Positive Grid describes Bias FX as "the world's first cross-platform, amp-and-effects processor".
While the plug-in version for computer DAWs is released later this year, for now, it's the iPad version that has been released first, in a similar way to how the original Bias amp designer (now called Bias Amp) was rolled out.
Where Bias Amp offers amp simulation only, Bias FX in some ways has more in common with the company's JamUp multi-effects processor, which has always offered amps and effects.
However, the company says that this new app is a different beast, designed from the ground up with the emphasis on professional sound quality using its latest algorithms.
Bias FX offers a full dual-path guitar signal chain derived from models of 12 amps, 25 effects pedals and five rack processors. There's also full integration with Bias Amp, which means that you can import any Bias Amp amp models and move any of the 12 Bias FX amp models over to Bias Amp for the detailed editing/amp building that it offers.
Bias FX also features Inter App Audio compatibility, which will let you insert other IAA apps in any place in your Bias FX signal path, creating more complex tones.
Using very clear and detailed graphics, Bias FX offers two main viewing options: one showing the signal path, the other a pedalboard. It's easy to move pedals and amps around and add/delete them from the signal path with drag-and-drop moves.
Adjustment of any parameters is easily carried out by tapping on any pedal to maximise its size and then just swiping your finger along to move the knobs. Dual signal paths with two amps running in parallel are easily set up with a 'Splitter' modules at one end of the parallel path and a 'Mixer' at the other to set up wide stereo sound if desired.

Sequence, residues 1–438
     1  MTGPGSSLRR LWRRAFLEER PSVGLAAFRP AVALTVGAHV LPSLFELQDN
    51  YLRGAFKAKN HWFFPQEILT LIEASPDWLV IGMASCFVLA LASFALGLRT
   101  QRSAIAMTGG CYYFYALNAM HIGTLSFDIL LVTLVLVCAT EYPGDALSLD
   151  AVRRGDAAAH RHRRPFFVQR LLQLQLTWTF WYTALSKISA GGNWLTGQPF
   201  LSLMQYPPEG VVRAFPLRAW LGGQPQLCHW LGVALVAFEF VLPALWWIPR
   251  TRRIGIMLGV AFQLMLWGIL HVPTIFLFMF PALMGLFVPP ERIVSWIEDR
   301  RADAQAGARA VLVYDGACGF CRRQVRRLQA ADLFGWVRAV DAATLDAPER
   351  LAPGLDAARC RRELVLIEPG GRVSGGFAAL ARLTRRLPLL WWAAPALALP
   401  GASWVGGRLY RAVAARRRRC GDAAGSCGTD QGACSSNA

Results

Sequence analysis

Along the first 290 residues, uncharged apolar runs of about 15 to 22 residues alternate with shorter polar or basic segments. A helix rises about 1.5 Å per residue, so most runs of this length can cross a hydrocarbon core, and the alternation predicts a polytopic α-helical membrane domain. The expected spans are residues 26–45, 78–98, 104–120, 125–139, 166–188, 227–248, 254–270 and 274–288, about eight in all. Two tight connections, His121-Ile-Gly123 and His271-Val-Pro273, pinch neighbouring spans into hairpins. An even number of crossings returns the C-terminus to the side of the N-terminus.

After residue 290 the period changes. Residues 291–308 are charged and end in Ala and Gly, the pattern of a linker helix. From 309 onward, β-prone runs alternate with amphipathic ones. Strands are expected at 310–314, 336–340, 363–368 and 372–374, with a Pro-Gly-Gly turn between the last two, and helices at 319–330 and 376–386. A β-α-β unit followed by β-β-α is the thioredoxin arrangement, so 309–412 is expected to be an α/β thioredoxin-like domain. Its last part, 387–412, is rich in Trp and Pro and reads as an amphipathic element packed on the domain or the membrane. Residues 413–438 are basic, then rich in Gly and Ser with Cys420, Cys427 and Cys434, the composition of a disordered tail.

Your sounds are stored as presets in banks of 32 and you get one factory preset bank and any amount of user banks. The content of those banks can be expanded by taking advantage of Positive Grid's ToneCloud, an ever-expanding user library of edited virtual pedalboard rigs to be shared.
Using headphones for practice or recording (with Bias FX inserted into a DAW app) is an obvious role, but there are various options to optimise the output sound to suit a guitar or power amp. This makes live use a possibility, especially as there's MIDI control and a Live View mode for recalling presets and toggling effects with a single tap.
With a nice variety of amps and just about all effects genres represented with some based on classic pedals, Bias FX gives you a great set of tonal options if you want to get into iPad-based guitar playing/recording.
For those who may have already bought Bias Amp, it's a very practical Bias add-on, bringing a complementary set of effects for a fuller tonal palette.